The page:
Red Sox coming to Wrigley Field in 2012


Red Sox coming to Wrigley Field in 2012

Wednesday, Sept. 14, 2011
Posted: 10:09 a.m. Updated: 10:26 a.m.

By Patrick Mooney Cubs Insider Follow @CSNMooney READ: Dempster wants to finish strongREAD: In this division, next Cubs GM will have a chance

CINCINNATI For one weekend in May, almost the entire Cubs front office relocated to Boston, soaking in the scene and seeing how the Red Sox have transformed Fenway Park. The Cubs want to copy that business model.

It remains to be seen whether the Cubs can lure someone from Yawkey Way to run their baseball operations. But Red Sox Nation will take over Wrigley Field for three days next season, (June 15-17), the highlight of the tentative 2012 schedule released Wednesday.

The Cubs will open next season at home on April 5 against the Washington Nationals, followed by a four-game series with the Milwaukee Brewers. Their first road trip will take them to St. Louis (April 13-15) and the new Marlins stadium in Miami (April 17-19).

The interleague part of the schedule will again feature two crosstown series against the White Sox (May 18-20 at home, June 18-20 at U.S. Cellular Field). The Cubs will also make their first trip to Minnesotas Target Field (June 8-10) and host the Detroit Tigers (June 12-14).

The Red Sox, who havent played at Wrigley Field since 2005, will be there on Fathers Day. The Cubs will also get holiday gates on Easter Sunday (vs. the Nationals) and Memorial Day (vs. the San Diego Padres). They will be in Milwaukee for Mothers Day, in Atlanta for the Fourth of July and in Washington on Labor Day.

The Cubs have been lobbying to host an All-Star Game, but that is unlikely before renovations to Wrigley Field are complete. Next years event will be in Kansas City on July 10.

Patrick Mooney is's Cubs beat writer. Follow Patrick on Twitter @CSNMooney for up-to-the-minute Cubs news and views.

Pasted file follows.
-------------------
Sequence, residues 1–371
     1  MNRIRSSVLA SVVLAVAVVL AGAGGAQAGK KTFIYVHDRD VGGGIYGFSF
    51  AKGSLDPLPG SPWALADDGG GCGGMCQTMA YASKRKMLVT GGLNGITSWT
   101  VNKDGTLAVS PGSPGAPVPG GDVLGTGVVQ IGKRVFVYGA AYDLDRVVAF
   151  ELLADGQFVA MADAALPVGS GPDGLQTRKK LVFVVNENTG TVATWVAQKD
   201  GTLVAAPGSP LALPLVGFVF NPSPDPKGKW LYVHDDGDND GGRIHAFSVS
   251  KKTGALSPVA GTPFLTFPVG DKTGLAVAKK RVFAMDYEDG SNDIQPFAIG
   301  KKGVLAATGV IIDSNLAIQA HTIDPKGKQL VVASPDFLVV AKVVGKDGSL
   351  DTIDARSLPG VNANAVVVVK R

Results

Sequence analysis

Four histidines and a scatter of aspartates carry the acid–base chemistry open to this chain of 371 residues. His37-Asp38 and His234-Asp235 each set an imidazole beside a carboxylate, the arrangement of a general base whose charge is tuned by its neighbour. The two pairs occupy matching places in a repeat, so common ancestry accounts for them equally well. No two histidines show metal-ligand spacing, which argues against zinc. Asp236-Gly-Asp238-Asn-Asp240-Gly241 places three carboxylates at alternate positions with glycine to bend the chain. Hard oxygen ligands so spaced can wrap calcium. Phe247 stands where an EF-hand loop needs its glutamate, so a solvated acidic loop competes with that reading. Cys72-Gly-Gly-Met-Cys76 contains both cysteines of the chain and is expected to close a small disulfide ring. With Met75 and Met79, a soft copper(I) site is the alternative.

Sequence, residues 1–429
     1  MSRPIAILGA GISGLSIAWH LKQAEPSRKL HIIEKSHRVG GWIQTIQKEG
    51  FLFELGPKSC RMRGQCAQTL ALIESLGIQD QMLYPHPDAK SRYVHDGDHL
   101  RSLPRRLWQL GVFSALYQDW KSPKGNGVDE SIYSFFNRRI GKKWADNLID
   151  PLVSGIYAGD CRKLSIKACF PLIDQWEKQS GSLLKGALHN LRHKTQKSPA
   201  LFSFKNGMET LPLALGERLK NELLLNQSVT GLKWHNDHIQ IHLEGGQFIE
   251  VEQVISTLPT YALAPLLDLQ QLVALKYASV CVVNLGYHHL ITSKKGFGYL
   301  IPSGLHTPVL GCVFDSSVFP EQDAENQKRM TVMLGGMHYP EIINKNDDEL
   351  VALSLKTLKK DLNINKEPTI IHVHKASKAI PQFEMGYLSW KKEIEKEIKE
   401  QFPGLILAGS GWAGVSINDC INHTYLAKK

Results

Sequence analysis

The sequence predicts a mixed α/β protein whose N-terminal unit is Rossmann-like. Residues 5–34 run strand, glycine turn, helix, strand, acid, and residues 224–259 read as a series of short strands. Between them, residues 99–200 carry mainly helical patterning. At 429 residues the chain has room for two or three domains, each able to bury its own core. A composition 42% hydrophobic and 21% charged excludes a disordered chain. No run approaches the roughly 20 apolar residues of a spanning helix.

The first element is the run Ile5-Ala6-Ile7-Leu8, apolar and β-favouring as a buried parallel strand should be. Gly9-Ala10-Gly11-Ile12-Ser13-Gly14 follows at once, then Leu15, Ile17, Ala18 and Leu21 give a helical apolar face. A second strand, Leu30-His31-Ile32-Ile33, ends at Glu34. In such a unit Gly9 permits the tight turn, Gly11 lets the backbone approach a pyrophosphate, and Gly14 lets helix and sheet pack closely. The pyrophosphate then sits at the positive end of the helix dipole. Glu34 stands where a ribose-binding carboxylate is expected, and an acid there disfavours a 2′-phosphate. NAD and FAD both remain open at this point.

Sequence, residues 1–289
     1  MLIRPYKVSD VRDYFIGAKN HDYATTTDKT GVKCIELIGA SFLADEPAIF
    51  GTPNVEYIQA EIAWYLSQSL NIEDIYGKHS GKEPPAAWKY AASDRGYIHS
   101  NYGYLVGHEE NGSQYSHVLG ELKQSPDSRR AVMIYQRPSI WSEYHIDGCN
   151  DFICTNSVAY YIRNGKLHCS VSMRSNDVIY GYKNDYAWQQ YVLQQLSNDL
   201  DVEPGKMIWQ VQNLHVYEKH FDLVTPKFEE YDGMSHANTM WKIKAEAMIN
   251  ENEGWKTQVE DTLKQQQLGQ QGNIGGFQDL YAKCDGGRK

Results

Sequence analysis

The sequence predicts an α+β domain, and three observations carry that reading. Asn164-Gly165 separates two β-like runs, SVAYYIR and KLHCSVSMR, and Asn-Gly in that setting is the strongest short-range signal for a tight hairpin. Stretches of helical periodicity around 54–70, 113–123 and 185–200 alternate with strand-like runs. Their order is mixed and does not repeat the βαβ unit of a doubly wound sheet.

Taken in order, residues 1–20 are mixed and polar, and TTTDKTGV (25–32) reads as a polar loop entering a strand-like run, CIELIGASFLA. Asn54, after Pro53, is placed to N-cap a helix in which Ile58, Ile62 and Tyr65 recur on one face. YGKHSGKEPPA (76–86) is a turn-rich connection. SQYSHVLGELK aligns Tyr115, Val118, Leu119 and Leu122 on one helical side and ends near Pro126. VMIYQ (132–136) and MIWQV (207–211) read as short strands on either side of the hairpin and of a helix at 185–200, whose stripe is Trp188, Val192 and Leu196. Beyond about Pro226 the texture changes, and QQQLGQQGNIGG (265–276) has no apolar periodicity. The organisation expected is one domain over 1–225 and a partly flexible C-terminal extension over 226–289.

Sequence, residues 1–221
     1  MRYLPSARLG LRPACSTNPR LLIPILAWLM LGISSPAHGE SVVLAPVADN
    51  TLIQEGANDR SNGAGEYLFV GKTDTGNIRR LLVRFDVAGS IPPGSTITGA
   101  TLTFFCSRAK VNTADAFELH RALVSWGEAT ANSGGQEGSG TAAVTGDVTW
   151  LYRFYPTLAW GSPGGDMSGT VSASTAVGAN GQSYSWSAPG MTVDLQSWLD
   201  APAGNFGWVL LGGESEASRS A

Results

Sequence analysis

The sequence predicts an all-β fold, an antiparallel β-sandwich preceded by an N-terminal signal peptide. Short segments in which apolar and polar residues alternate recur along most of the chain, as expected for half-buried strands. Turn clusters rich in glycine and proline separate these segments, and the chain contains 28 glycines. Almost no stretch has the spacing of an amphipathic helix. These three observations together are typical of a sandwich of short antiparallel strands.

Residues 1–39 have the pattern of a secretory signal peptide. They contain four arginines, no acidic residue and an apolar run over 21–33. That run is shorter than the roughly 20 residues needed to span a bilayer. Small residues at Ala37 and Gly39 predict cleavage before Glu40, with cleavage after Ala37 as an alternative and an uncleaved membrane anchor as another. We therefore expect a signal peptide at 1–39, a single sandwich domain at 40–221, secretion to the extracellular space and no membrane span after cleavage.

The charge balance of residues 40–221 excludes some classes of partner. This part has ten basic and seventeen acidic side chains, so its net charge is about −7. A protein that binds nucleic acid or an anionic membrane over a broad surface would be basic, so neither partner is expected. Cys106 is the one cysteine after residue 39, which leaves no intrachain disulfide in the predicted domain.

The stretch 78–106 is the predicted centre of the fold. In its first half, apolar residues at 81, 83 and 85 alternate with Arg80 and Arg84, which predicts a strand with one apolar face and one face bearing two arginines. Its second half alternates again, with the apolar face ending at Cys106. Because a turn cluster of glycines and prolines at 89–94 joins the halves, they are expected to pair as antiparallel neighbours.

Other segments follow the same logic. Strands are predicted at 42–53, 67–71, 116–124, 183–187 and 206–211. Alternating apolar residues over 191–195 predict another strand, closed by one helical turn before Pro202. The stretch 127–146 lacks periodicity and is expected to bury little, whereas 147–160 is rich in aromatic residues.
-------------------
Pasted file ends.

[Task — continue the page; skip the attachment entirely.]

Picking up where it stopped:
Tyson Ross could be one of the final pieces for Cubs’ offseason puzzle


Tyson Ross could be one of the final pieces for Cubs’ offseason puzzle

Tyson Ross could be one of the final pieces of the offseason puzzle as the Cubs try to defend their World Series title while still planning for the future.

The Cubs left this week’s winter meetings in Maryland still involved in the Ross talks, sources said, monitoring an intriguing pitcher they had targeted before the 2015 trade deadline.

The San Diego Padres didn’t really buy or sell during that pennant race and made another curious decision last week when they didn’t offer Ross a contract for 2017. MLB Trade Rumors projected Ross would have made $9.6 million during his final year in the arbitration system.

After issues involving his right shoulder wiped out almost his entire season, Ross underwent surgery in October to address thoracic outlet syndrome.

Ross was San Diego’s Opening Day starter during a 15-0 loss to the Los Angeles Dodgers, but didn’t pitch again, clouding a future that once had him looking like a trade-deadline chip and one of the best pitchers in the free-agent class after the 2017 season.